Beth Emet - The Free Synagogue

Beth Emet is a diverse, multigenerational Reform community with a dynamic approach to Judaism. Our congregation seeks to create a spiritually vibrant, socially conscious, intellectually challenging, and deeply caring environment firmly rooted in Jewish tradition and values.

A Time to Live and a Time to Die: Resources for End of Life Issues

At Beth Emet, we are committed to caring for each other throughout our lives. The resources below along with the Yahrzeit Memorial Observance information, are designed to help you plan for and respond to the profound loss of a loved one.

Please note that the pdfBeth Emet Funeral Plan is available through participating funeral homes at a fixed cost negotiated for our members. This rate does not include or cover any cemetery costs, and other services can be arranged for an additional cost. For more information and/or to receive a copy of the plan with Chicago Jewish Funerals or Weinstein Funeral Home, please contact Bekki Harris Kaplan.

Progressive Chevra Kadisha (Burial Committee) and Tahara

Beth Emet is part of the Progressive Chevra Kadisha (PCK), a volunteer inter-congregational society dedicated to conducting the ceremony of tahara in preparation for Jewish burial. PCK is run by volunteers from Beth Emet, the Jewish Reconstructionist Congregation, Lomdim, Or Chadash, and the Egalitarian Minyan/Ner Tamid of West Rogers Park to serve the needs of members and their families.

When someone dies, PCK members visit the funeral home-- as part of the Beth Emet Burial Plan or at a family's request--and prepare the body of the deceased according to the centuries-old customs of our people. PCK members wash the body (rechitza), perform a tahara (ritual cleansing), and dress the deceased in a set of tachrichim (simple white garments) for burial. The Progressive Chevra Kadisha performs this service anonymously as g’mitlut chesed  (an ultimate act of lovingkindness) to honor the dead and to comfort the living who remember them.

To learn more about the work of the Progressive Chevra Kadisha, to inquire about arranging a tahara, or to volunteer, call 847-440-4725 or email.

Comforting Mourners in Our Beth Emet Community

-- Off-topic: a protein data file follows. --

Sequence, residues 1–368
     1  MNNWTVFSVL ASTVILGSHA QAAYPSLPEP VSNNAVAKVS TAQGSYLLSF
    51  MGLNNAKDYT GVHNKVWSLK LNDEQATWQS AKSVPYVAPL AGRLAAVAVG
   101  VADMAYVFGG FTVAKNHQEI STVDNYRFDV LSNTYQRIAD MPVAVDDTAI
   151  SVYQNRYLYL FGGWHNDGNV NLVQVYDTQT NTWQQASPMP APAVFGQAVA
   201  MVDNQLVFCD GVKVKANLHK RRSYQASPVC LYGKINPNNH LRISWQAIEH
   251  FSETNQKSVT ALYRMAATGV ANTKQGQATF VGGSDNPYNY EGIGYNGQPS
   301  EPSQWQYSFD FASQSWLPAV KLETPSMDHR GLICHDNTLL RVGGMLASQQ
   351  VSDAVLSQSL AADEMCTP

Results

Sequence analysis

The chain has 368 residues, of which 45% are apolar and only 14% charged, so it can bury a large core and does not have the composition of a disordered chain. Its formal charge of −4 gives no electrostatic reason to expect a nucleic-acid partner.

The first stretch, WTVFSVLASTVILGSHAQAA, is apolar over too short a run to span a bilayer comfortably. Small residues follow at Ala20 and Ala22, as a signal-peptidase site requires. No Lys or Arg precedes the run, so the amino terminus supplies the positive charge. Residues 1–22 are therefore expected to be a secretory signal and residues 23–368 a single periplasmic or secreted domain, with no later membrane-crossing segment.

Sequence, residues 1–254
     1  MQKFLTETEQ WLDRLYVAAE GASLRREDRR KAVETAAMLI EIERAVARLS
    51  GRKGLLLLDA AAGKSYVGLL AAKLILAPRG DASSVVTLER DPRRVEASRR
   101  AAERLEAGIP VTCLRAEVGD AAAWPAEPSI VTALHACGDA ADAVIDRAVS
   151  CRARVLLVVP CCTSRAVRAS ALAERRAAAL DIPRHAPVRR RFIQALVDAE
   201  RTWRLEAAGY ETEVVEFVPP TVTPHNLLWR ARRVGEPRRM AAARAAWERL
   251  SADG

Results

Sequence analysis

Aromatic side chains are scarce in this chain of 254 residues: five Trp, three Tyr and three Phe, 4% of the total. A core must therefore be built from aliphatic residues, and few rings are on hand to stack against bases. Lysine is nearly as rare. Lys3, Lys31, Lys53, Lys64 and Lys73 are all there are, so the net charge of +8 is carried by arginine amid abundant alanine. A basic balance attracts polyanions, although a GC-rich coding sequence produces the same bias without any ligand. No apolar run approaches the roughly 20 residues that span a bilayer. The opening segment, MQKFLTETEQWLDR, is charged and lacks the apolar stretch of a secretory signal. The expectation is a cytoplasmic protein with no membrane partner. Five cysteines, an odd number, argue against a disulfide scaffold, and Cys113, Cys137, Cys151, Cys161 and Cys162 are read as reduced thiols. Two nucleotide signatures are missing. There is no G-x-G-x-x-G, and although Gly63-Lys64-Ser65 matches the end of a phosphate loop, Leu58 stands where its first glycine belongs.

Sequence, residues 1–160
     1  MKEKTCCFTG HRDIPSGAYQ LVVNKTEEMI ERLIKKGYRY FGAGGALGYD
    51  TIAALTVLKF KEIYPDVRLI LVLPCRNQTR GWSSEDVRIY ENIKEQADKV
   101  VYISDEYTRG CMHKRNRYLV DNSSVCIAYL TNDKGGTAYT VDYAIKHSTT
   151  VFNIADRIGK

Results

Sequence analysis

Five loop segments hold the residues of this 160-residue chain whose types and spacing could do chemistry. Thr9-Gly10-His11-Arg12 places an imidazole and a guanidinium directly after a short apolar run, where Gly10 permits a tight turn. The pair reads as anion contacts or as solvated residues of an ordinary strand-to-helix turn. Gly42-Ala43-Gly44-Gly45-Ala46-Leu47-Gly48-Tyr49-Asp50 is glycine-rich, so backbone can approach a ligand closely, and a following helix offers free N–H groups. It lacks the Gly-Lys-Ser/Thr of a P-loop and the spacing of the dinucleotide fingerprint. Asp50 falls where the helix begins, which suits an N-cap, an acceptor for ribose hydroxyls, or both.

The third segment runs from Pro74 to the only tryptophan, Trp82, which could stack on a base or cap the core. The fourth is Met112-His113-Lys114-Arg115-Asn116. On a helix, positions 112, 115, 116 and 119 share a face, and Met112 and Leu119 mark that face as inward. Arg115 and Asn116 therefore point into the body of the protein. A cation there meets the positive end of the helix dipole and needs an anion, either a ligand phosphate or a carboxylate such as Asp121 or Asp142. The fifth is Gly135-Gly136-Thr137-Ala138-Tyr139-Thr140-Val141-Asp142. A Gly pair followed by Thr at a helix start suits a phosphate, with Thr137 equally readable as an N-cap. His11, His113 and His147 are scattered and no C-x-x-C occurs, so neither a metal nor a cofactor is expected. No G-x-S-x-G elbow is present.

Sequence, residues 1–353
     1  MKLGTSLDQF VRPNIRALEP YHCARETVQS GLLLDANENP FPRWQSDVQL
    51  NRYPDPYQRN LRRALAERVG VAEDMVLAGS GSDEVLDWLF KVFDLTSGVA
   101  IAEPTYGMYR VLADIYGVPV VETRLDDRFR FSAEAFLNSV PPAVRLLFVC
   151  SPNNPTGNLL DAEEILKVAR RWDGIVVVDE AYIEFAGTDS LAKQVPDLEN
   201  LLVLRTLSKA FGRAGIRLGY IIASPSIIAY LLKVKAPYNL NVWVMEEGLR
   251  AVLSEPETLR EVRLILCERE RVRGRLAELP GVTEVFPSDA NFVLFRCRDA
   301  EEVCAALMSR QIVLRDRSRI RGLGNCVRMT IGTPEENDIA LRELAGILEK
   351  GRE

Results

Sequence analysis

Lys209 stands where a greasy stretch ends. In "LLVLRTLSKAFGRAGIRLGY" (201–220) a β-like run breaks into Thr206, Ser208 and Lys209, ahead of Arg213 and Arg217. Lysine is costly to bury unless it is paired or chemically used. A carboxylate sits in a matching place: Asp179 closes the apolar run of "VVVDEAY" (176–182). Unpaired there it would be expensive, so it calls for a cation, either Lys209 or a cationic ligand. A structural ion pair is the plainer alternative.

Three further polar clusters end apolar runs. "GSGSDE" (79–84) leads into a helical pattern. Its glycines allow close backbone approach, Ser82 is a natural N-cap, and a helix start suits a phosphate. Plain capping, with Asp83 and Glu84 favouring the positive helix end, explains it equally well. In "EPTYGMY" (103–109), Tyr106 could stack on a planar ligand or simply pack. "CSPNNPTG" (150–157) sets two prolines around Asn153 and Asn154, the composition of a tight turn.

Jewish law and tradition encourage us to surround mourners with a supportive community. At Beth Emet, there are many ways to provide comfort and support to those in mourning. pdfThis brief guide shares the practices of our community.

Three Kinds of Wills: A Planning Resource

pdfThis resource offers guidance for thinking and planning about end of life issues in the context of three kinds of wills: a last will and testament that discusses your wishes about the disposition of your property, a so-called living will that provides advance directives about health care decisions if the time comes when you are unable to communicate your wishes, and an ethical will that transmits your values and describes the Jewish standards you’ve lived by to the next generations.

In Lieu of Flowers...

When a loved one dies, many families suggest that memorial gifts be given to charity instead of receiving flowers. Beth Emet The Free Synagogue is honored to be a named charity.

Memorial gifts can be made to Beth Emet online, by telephone or via postal mail. The synagogue office will promptly notify the family in mourning that a gift has been received and a thank you letter will be sent to the donor. All donations are tax-deductible to the extent allowed by law.

Notify the funeral director of your wish to name Beth Emet as a suggested charity and provide the contact information at the bottom of this page. Usually this type of request is included in published death notices and in shiva information distributed by the funeral home at the time of the funeral.

Donations will support the synagogue’s ongoing programs and services or, if you wish, can be directed to a specific synagogue department. If you have questions, please contact the Beth Emet office at 847-869-4230 ext. 301.

Beth Emet Dor L’Dor Society

The Beth Emet Dor L’Dor Society encourages congregants to include the synagogue in their estate plans and recognizes those who do so. Learn more

Selected Resources for End of Life Issues

End of Life Decisions: A Discussion Guide from Reform Judaism On LineEnd of Life Decisions: A Discussion Guide from Reform Judaism On Line
Embracing Life and Facing Death: A Jewish Guide to Palliative CareEmbracing Life and Facing Death: A Jewish Guide to Palliative Care
Jewish Sacred AgingJewish Sacred Aging, as filtered by Rabbi Richard Address
End of Life GuidesEnd of Life Guides from Congregation Rodeph Sholom, New York
Shiva ConnectShiva Connect - Jewish Funeral and Shiva Information